Jahng also recommends pastors and their staffers team up with other churches on the journey to explore AI. “Communities like the AI for Church Leaders Facebook group have over 4,000 members and can provide education, inspiration and best practices specific to the ministry context.”
Ministry leaders can also access a growing library of training videos and resources through the AI Discovery Expo Online platform at AIForChurchLeaders.com.
“Pastors can go through courses, workshops and other training resources with their staff to get up to speed with the latest developments and tools that can help scale the impact of their church,” says Jahng.
To help the church, Gloo has launched the AI & the Church Hub at Gloo.us/ai, which is curating various resources churches of all sizes can use to improve their AI literacy and application in ministry. Currently, over 6,000 organizations use the hub, and it is available to the 40,000 churches registered on Gloo.
Another part of the company’s AI & the Church initiative is the Trust Council, a series of working groups to help guide pastors concerning artificial intelligence, says Billings.
“But this whole conversation actually spans beyond artificial intelligence to digital transformation as a whole, and technology and how it influences ministry as a whole,” he says. “The Trust Council will look at the legal and privacy implications of technology and artificial intelligence. [Also], it will look at the theology of it. We will have experts coming together and leading conversations about what church leaders should do first.”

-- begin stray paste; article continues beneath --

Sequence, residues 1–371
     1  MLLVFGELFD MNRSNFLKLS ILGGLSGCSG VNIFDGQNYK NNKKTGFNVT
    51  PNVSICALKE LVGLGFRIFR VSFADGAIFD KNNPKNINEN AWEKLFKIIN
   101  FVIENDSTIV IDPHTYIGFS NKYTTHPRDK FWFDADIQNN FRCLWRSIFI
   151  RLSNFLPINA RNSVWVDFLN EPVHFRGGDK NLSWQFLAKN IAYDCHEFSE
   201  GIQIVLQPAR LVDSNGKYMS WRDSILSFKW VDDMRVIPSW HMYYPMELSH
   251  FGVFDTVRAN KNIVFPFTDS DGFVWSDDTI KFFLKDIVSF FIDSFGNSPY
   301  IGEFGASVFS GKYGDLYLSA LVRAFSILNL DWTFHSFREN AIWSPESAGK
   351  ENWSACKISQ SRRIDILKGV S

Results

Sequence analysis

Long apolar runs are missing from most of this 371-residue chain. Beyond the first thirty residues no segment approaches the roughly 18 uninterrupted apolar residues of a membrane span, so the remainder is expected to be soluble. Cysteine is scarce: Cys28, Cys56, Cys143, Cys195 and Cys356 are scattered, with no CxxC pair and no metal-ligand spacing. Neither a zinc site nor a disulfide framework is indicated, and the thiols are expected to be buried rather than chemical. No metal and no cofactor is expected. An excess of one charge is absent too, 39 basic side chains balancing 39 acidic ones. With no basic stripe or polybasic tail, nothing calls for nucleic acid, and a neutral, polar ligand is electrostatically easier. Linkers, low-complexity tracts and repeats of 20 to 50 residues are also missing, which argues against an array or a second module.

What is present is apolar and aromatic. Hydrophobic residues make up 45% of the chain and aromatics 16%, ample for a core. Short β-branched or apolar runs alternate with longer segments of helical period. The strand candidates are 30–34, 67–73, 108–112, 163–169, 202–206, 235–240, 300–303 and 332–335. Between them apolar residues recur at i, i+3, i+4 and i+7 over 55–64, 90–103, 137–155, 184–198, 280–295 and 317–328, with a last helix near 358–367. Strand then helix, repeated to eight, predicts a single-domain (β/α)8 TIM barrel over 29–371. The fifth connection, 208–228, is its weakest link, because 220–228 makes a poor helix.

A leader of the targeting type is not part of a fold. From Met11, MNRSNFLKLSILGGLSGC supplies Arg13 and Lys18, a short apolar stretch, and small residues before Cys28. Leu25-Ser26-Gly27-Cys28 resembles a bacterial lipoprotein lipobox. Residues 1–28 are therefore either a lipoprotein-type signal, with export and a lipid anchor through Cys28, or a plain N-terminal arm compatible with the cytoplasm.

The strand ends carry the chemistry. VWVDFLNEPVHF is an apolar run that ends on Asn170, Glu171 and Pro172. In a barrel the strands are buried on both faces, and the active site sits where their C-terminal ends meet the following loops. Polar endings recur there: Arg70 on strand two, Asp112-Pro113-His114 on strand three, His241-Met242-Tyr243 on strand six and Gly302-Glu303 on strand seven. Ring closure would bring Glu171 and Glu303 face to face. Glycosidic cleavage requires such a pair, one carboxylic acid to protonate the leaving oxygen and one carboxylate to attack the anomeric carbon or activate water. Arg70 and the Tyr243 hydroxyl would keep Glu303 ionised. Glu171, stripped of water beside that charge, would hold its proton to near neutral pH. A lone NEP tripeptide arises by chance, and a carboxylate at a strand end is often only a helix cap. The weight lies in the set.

One working group recently came up with an assessment that church leaders will be able to take to help them not only understand where they are in readiness, willingness, understanding and education around artificial intelligence, but also where their staff and teams are, and eventually, where their congregants are.
According to Billings, this assessment will be a good place for church leaders to start. “And it will lead th